ALVIN AILEY, American dancer, choreographer died (b. 1931); an African American modern dancer and choreographer who founded the Alvin Ailey American Dance Theater. Ailey started the American Dance Theater, in 1958 featuring primarily African American dancers. He integrated his dance company in 1963. He also directed; one notable production was Langston Hughes’ Jericho-Jim Crow (1964).
The American Dance Theater popularized modern dance throughout the world with his international tours sponsored by the U.S. State Department. As a result of these tours, Ailey’s choreographic masterpiece Revelations, based on Ailey’s experience growing up as an African American in the South, is among the best-known and most frequently seen of modern dance performances. After his death, the American Dance Theater was renamed the Alvin Ailey American Dance Theater.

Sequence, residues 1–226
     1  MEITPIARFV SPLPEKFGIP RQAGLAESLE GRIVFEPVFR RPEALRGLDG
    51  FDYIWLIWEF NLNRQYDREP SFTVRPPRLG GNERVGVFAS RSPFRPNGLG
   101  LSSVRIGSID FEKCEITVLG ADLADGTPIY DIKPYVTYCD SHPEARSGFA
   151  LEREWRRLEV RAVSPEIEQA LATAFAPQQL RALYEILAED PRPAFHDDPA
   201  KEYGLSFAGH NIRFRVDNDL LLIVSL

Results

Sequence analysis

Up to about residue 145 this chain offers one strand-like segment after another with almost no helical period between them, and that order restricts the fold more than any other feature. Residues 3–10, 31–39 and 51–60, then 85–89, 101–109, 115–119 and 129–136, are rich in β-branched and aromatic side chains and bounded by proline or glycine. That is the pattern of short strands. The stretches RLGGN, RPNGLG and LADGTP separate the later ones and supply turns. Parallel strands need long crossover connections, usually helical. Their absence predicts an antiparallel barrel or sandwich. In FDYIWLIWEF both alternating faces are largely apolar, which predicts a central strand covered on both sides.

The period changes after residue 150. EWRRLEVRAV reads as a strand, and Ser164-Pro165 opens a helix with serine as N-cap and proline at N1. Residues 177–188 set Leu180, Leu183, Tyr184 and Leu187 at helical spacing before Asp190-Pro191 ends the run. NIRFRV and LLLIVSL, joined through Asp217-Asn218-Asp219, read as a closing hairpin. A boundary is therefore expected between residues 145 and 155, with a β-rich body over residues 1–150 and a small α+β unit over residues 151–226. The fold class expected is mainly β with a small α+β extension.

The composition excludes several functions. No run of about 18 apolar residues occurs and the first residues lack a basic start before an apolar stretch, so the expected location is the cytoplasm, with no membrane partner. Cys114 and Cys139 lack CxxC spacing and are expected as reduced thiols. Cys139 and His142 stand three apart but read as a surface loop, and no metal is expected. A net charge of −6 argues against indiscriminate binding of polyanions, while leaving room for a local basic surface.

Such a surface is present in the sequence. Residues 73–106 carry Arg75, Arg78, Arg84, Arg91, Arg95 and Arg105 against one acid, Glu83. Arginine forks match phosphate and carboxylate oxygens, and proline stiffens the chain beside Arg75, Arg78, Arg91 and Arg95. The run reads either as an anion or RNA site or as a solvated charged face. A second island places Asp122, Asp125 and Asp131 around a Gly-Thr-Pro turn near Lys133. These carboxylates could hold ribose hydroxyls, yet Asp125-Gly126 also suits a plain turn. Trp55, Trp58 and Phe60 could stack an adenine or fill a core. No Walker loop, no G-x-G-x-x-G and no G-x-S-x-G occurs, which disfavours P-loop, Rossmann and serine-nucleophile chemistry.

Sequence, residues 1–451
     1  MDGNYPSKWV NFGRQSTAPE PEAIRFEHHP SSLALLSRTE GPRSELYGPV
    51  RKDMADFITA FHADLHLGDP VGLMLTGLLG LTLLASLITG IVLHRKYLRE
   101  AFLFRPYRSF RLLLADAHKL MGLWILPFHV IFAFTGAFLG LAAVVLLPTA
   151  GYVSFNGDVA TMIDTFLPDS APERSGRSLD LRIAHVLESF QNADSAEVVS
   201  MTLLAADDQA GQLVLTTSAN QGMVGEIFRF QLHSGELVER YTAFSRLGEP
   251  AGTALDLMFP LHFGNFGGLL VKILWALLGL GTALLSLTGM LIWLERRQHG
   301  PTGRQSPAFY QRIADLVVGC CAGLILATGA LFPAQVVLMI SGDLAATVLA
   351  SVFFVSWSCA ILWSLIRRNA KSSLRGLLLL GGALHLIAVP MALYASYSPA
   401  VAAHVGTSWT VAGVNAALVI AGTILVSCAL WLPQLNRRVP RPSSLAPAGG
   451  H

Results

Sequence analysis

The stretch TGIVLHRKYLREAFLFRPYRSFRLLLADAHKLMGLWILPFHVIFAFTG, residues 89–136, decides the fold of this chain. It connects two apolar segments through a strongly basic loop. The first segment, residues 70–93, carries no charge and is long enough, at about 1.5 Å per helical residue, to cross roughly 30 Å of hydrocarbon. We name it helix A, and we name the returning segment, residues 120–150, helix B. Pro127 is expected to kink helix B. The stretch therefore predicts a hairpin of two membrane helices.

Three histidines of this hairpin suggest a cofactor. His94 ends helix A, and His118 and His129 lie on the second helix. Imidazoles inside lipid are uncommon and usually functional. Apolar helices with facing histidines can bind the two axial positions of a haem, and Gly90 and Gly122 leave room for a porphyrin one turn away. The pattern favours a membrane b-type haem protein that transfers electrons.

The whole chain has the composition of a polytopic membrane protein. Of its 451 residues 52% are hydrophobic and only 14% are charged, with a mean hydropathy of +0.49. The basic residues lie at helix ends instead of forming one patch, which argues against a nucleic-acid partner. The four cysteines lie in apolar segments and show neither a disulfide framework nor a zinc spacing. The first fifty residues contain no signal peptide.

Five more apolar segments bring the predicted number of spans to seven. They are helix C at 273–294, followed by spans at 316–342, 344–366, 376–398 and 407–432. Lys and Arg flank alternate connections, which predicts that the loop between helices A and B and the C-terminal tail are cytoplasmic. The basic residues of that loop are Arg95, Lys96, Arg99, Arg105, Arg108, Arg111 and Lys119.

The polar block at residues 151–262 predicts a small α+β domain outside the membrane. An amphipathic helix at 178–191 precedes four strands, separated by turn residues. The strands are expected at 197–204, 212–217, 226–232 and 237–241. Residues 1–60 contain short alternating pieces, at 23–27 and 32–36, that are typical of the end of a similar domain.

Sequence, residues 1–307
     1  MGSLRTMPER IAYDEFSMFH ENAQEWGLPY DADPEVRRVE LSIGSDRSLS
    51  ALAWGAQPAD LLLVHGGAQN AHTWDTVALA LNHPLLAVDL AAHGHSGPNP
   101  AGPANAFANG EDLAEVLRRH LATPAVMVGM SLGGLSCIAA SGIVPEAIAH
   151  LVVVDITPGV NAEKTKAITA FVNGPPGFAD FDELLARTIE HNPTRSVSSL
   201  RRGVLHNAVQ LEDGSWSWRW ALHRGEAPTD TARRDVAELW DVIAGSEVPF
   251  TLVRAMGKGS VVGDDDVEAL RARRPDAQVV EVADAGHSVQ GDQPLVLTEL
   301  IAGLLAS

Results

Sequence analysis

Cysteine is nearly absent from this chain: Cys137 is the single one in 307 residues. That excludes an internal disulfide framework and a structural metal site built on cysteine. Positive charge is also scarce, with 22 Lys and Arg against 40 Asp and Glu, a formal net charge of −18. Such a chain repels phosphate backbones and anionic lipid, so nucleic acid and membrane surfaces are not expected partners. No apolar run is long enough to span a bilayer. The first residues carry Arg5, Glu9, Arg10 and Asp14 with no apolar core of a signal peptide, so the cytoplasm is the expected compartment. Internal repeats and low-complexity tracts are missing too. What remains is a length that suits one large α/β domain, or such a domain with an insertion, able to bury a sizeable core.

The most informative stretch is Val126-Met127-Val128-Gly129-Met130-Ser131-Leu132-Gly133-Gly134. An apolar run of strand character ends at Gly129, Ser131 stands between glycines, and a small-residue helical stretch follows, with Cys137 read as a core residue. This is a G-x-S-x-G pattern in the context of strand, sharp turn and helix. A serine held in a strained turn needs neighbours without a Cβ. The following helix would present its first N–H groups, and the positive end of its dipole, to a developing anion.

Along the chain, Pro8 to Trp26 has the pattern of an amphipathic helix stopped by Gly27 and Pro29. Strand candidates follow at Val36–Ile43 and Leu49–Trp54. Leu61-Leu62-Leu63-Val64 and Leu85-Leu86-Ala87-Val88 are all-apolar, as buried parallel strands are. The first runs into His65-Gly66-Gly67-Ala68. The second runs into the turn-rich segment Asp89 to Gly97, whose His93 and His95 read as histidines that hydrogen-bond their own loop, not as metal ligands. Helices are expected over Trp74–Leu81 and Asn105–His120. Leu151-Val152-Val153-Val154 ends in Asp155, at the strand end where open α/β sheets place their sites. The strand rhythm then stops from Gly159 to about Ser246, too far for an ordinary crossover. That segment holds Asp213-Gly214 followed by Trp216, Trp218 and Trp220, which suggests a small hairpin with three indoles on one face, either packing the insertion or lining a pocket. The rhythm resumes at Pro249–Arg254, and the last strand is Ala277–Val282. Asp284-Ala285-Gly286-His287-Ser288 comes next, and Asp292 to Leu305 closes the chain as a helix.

Ailey has been memorialized by the renaming of West 61st Street between Amsterdam and Columbus Avenues in New York City as “Alvin Ailey Way”; the Alvin Ailey American Dance Theater was located on that block at 211 West 61st Street from 1989 until 2005, when it moved to a new, bigger facility at the corner of West 55th Street and Ninth Avenue. Ailey was awarded the Kennedy Center Honors in 1988. He died of AIDS, at the age of 58.